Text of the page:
Bloomberg insists that we need to get our priorities straight: the economy comes before the earth, capitalism before nature. Yet, from any sort of realistic, world-wise perspective, it is clear that we are faced with two immense, imminent, and irreversible crises, one threatening within as short a time as a year to destabilize the world capitalist economy, the other promising to destroy the planet as a home to humanity, destabilizing industrial civilization and undermining the survival chances of hundreds of millions or even billions of people this century. Both represent the culmination of capitalist contradictions over centuries of development and both point to the need to transform society in revolutionary ways. It is the coevolution of economic and ecological contradictions under global monopoly-finance capital that defines the epochal historical crisis of our times. In this new issue of Monthly Review, we also celebrate Monthly Review‘s relationship with the annual School of Ecology in Mauritius. | more…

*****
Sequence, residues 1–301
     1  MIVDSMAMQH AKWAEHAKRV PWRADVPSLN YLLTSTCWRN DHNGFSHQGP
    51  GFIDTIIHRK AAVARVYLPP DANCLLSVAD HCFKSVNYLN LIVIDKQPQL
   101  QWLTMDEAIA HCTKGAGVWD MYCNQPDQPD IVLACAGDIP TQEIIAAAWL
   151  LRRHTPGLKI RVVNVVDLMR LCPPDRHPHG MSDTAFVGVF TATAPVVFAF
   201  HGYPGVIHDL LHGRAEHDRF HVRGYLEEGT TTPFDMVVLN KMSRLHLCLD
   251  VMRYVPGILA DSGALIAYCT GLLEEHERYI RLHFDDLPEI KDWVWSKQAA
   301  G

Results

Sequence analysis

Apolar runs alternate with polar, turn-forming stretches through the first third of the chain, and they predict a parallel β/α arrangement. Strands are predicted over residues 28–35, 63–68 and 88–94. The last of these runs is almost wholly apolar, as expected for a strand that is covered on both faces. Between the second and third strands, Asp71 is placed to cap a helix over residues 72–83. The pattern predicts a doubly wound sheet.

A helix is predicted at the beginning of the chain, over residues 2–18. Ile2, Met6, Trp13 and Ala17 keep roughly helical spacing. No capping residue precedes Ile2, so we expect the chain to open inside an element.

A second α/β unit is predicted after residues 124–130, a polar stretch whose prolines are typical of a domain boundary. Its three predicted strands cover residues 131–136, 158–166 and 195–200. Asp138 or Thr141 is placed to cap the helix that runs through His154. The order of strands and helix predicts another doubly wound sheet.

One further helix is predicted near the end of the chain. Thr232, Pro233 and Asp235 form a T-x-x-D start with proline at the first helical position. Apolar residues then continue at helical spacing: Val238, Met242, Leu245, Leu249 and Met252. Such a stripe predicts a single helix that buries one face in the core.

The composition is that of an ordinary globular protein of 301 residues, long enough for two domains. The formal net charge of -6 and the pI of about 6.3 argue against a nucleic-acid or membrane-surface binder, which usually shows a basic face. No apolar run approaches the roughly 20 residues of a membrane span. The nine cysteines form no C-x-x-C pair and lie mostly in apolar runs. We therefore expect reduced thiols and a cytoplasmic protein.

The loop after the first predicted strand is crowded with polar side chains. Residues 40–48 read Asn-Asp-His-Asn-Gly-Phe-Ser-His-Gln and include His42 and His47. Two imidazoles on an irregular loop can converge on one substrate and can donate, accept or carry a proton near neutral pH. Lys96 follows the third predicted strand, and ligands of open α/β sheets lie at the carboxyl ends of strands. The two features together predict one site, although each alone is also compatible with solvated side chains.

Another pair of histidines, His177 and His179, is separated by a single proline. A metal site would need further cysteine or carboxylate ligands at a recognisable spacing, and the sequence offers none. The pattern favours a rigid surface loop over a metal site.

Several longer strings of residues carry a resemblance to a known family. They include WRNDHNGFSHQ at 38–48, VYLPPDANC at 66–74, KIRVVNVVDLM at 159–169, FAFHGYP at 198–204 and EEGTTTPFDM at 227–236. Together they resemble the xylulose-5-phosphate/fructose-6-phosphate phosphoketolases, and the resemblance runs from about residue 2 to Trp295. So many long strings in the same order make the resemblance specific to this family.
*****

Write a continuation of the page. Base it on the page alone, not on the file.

Municipal Airport, Ukiah, California, July 27, 2018

The Criminal Dimension of Climate Change

Peter D. Carter and Elizabeth Woodworth, Unprecedented Crime: Climate Science Denial and Game Changers for Survival (Atlanta: Clarity Press, 2017), 270 pages, $27.95, paperback.

Unprecedented Crime, a book by Peter Carter and Elizabeth Woodworth, with a foreword by leading climate scientist James Hansen, outlines the criminality of those who actively promote the continuing emission of carbon gases into the atmosphere despite having full knowledge of the consequences. These consequences include the breakdown of large ice sheets, rising sea levels, and the intensification of extreme weather events around the world, such as hurricanes, floods, and fires. | more…

Monthly Review Volume 70, Number 9 (February 2019)